It’s the software that matters, of course, and while this statement is correct it’s only a half truth.

Unless you can accurately test and assure every possible server platform from every manufacturer your customers use then the supportability of the platform (that’s the hardware plus the software) is flawed.  If you can somehow do the majority you’re still in for a world of pain.  Controllers on the servers may differ.  Some SSDs may provide different performance in YOUR software regardless of their claimed speeds.  Suddenly the same software performs differently across hardware that is apparently the same.

98c20_sds-nutanix-bezel-v3-620x200

At Nutanix we’ve provided cutting-edge hardware from small footprint nodes to all-flash but never once have we not known the performance and reliability of our platform before it leaves the door and is powered up by a customer.  You can read about all six hardware platforms here.  When we OEM’d our software to Dell we gave the same level of QA to the HC appliances too.

We know our hardware platform and ensure that it works with the hypervisors we support.  We then know our software works with those hypervisors.  We own and assure each step to provide 100% compatibility.  If you’re just the software on top, you have thousands of possible permutations to assure.  Sorry I mean assume.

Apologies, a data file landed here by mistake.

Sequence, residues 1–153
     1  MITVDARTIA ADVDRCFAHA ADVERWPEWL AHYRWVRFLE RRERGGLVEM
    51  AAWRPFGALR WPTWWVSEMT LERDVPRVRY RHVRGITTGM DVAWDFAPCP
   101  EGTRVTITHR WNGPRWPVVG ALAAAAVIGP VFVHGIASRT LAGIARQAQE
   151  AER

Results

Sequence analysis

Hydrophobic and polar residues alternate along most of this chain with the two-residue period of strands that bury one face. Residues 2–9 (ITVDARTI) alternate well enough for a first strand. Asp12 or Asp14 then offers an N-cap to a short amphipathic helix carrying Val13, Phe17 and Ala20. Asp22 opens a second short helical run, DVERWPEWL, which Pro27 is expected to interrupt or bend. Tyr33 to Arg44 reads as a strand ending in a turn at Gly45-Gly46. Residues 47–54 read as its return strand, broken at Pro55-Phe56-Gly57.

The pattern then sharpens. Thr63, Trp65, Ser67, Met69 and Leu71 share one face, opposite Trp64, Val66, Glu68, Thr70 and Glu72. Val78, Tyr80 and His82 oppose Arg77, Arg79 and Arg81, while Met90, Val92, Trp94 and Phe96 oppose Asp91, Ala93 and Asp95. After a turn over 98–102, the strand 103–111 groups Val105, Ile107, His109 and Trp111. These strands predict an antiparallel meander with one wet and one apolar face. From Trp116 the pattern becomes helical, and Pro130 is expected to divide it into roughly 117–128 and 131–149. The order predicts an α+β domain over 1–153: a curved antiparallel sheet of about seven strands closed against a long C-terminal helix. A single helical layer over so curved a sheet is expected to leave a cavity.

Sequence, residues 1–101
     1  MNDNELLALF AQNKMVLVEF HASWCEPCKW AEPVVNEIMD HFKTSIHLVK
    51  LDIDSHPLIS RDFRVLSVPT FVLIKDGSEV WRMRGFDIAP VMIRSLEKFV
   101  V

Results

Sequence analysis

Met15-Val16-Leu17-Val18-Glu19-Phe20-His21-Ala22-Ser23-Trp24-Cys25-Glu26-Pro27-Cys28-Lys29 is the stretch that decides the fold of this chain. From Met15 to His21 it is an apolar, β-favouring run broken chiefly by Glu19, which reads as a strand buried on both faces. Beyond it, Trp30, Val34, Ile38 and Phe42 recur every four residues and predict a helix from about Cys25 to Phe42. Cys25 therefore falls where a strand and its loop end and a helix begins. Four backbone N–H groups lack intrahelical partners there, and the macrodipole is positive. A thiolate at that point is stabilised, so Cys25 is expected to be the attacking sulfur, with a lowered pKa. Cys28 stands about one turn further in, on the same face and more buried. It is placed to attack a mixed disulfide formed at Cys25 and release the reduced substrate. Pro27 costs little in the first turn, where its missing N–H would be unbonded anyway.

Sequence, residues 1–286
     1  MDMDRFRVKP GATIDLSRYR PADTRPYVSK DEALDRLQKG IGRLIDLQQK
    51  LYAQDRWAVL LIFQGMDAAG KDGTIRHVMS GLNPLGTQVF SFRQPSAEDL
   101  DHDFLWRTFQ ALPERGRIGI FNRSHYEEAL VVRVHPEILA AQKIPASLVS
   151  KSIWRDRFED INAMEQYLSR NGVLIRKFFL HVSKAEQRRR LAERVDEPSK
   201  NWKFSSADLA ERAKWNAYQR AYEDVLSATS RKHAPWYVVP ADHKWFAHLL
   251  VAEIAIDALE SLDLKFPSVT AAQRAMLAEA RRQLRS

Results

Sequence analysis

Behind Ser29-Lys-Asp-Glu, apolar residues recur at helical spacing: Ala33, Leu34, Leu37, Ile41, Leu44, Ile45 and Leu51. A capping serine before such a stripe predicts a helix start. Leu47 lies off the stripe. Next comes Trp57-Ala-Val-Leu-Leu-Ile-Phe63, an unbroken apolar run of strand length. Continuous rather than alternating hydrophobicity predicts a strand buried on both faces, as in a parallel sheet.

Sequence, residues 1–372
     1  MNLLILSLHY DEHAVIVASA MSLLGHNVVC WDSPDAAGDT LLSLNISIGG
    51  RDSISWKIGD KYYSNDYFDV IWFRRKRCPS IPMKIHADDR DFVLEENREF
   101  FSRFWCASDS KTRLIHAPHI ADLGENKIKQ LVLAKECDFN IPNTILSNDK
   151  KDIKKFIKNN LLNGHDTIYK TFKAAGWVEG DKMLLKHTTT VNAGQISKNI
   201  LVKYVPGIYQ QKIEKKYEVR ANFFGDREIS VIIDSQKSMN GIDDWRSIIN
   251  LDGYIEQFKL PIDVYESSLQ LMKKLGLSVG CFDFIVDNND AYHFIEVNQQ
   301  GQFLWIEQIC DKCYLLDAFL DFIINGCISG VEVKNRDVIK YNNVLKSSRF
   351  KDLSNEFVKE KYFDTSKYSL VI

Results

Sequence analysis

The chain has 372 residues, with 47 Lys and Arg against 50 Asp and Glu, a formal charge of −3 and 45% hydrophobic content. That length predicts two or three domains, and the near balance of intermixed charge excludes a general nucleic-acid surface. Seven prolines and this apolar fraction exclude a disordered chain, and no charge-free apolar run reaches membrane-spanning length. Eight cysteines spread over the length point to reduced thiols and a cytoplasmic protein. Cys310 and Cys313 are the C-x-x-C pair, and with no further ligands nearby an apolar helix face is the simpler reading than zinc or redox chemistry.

We own it all from top to bottom and the boxes, regardless of their origin or components, are 100% Nutanix.  This is how we can take and resolve support questions and innovate within the platform without external interference.  Customers love the simplicity of the product as you probably know but their is an elegance in also displaying a structured yet flexible hardware platform.  Ownership is everything.

I’ve lost count of the flack I’ve taken by “not being software only” as that’s “the only way to be truly software defined.”

What bollocks.

It is the software that matters but if as a company you cannot fully understand the impact your software has on the hardware it must run on then the only person you’re kidding is yourself and more worryingly the first person it hurts is your customer.

Let’s see who else follows the leader once again.